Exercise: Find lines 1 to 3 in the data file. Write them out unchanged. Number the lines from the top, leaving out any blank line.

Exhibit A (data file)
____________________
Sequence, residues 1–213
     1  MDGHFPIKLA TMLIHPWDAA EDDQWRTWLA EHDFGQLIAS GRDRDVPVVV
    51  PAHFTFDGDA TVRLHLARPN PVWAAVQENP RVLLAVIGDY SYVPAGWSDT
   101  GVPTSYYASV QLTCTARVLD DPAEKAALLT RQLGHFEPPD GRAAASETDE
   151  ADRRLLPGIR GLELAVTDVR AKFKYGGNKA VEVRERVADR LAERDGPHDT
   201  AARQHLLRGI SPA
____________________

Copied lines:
Sequence, residues 1–213
     1  MDGHFPIKLA TMLIHPWDAA EDDQWRTWLA EHDFGQLIAS GRDRDVPVVV
    51  PAHFTFDGDA TVRLHLARPN PVWAAVQENP RVLLAVIGDY SYVPAGWSDT